The Cork County Board’s audit and risk sub-committee has threatened to resign after advising the board executive to inform last week’s annual convention that the board’s deficit is more than €2.4m — and not the €560,000 figure given to delegates.
Documents seen by the Irish Examiner show the audit and risk sub-committee describe the “decision not to present the overall combined financial position to the convention” as a decision which “questions the fundamental integrity of the Cork County Board”.
The sub-committee issued a report to the county board management committee on December 4 stating it had met five times. “Key Executives (county board CEO/secretary and treasurer) also attended certain meetings,” the report said.
The report stated the sub-committee’s main concern was the “overall level of completeness and transparency being reflected in the 2019 Financial Statements as it excludes the 2019 Financial Statements of the two subsidiary companies, namely Páirc Uí Chaoimh CTR and Stáid Cois Laoi CTR.”
The report states that the sub-committee “believes it is imperative that the complete, albeit estimated, combined financial position of the Cork County Board is articulated to delegates at the County Convention on 8th December 2019. The (sub-)committee’s position on this has been outlined to the Key Executives.”
The sub-committee then outlines the combined loss of the subsidiaries as “in excess of €2.4m” based on the board loss of €0.56m, “the first year of the recharge for the stadium from Cork County Board to Páirc Uí Chaoimh CTR (€1.36m) and the financial losses of the two subsidiaries, which we understand to be in excess of the losses incurred in 2018 (€0.47m).
To leave delegates with the impression that the financial losses are as low as €0.56m would, in our view, be misleading.
The report adds: “Failure to outline the combined position would, in the view of the (sub-)Committee, present a very significant risk to the reputation of the Cork County Board with its key stakeholders and the wider GAA community as has been demonstrated recently in other organisations. Furthermore, it has the potential to damage the brand and to endanger future funding from Government, business, and individuals.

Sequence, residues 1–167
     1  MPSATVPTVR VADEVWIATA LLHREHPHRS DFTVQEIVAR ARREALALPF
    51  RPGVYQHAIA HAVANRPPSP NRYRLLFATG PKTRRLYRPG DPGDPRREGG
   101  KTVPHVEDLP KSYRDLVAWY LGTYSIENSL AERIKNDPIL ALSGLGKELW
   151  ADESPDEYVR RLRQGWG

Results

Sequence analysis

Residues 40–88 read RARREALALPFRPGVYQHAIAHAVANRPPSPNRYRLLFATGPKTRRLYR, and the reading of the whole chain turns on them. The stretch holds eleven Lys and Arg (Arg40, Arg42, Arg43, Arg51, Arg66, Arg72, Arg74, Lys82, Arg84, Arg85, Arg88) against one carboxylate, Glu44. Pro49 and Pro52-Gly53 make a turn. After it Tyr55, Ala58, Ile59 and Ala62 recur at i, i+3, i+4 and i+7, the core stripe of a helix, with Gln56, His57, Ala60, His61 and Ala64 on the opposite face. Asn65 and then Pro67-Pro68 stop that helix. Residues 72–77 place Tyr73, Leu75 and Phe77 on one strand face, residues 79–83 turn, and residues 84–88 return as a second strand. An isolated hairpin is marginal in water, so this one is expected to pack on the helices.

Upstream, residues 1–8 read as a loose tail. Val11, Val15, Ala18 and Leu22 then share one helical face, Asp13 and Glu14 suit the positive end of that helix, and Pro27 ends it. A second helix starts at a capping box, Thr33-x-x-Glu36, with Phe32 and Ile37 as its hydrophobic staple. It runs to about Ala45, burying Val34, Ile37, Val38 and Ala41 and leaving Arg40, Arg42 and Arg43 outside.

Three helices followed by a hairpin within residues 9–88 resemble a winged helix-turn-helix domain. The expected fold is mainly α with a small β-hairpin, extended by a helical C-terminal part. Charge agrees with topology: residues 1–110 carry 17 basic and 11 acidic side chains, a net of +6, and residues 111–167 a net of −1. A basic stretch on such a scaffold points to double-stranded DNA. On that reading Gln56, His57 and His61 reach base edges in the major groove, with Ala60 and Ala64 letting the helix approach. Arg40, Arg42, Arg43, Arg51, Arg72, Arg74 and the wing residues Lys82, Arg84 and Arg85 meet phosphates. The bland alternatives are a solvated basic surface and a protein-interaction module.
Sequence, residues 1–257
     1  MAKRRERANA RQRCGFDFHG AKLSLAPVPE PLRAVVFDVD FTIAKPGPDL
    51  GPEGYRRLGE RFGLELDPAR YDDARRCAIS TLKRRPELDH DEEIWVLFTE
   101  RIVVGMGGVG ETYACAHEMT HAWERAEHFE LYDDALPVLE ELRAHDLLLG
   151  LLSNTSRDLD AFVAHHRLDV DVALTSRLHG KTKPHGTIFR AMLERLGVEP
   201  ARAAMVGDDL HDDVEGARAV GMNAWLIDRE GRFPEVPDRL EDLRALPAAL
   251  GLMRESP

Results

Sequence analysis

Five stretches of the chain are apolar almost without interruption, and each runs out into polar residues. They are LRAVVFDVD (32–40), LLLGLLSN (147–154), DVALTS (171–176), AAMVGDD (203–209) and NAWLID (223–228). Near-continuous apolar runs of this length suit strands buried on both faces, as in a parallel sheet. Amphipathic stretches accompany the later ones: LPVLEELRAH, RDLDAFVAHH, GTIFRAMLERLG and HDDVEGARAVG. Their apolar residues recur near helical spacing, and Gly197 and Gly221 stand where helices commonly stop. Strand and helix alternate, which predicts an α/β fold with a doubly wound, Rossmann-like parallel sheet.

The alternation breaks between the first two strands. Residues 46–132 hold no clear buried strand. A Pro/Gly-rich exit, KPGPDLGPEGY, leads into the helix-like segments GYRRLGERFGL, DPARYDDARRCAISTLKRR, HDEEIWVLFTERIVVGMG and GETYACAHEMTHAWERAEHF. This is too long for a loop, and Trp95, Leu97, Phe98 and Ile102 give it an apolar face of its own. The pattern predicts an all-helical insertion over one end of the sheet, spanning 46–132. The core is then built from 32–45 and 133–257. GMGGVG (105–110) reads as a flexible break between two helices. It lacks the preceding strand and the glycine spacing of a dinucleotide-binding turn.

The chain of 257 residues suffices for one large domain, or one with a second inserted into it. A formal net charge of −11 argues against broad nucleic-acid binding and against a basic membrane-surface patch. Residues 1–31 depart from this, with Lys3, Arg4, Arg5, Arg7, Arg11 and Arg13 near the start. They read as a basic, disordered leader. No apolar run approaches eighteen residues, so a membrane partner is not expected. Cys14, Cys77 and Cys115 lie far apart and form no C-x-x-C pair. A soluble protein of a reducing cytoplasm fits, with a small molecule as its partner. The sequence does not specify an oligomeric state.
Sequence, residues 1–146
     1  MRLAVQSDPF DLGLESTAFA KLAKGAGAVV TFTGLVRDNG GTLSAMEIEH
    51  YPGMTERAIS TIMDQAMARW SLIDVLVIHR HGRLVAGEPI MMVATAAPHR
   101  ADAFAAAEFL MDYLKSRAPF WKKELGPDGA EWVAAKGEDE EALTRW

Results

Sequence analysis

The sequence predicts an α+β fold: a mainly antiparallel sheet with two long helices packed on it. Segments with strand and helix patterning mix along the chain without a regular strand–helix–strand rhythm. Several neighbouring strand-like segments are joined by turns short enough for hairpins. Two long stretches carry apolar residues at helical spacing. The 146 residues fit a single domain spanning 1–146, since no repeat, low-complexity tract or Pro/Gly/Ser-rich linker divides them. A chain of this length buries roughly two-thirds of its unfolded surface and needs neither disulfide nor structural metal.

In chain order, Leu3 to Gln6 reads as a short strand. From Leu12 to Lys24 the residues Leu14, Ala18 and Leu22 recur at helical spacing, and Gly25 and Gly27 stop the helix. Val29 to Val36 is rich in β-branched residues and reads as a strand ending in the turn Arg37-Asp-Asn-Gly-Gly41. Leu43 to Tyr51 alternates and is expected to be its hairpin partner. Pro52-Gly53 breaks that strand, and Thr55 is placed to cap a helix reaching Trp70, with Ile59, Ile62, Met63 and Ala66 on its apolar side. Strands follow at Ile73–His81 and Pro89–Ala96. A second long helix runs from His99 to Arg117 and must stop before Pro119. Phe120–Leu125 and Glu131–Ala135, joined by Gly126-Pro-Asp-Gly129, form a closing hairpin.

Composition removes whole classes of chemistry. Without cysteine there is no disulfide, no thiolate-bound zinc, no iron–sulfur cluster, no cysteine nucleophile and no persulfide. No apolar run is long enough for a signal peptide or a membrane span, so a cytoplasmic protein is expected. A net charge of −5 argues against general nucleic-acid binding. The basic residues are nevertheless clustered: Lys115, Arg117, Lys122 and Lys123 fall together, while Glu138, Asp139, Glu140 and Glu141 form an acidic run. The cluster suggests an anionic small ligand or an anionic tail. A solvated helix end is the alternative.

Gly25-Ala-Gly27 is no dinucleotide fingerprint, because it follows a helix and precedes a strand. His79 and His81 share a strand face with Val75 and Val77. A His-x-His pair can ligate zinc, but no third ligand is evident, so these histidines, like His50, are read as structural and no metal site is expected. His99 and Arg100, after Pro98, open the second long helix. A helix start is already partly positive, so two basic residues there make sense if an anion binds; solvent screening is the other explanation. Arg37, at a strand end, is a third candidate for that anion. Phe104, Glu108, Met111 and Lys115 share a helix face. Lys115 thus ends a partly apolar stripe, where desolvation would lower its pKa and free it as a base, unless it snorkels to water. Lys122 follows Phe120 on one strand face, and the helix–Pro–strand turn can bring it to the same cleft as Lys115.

“It is the view of the committee that a decision not to present the overall combined financial position to the convention questions the fundamental integrity of the Cork County Board.
“If a fair, accurate, and complete financial position is not communicated appropriately then the relevance and effectiveness of this committee must be questioned.”
The combined figure was not presented to delegates, which led the sub-committee to write to the board again on December 11.
That letter stated the sub-committee had “issued a report to you via the CEO/Secretary on 4th December (see attached) which we now understand not all of you received.
"It is a matter of the gravest concern that you were not made aware of the report and that the issues outlined in that report were not actioned at the Convention on 8th December 2019 as specifically requested ... the financial statements that were presented at the Convention did not represent fairly and completely the financial position of the Cork County Board.”
The letter adds: “The decision to disregard our report puts this committee in an invidious position and has called into question its relevance and effectiveness. Consequently, the logical course of action is to resign.
"However recognising the potential reputational damage to the Cork County Board by its Audit and Risk Committee being forced to resign, we request the Management Committee to recite the matter by 28th January 2020.”
The executive is expected to try to meet with the members of the sub-committee to try to resolve the situation. The audit and risk committee was approved by the executive on September 24 and by the county committee on October 1.
It is made up of Gerard Lyons, (chair) retired audit partner from Deloitte; Ciarán Murphy, former emeritus dean of Cork University Business School and current emeritus professor of Business Information Systems at UCC; Róisín O’Sullivan, audit associate director at KPMG and Mourneabbey ladies footballer; and Michael Harte, chief financial officer at Dairygold and member of Douglas GAA Club.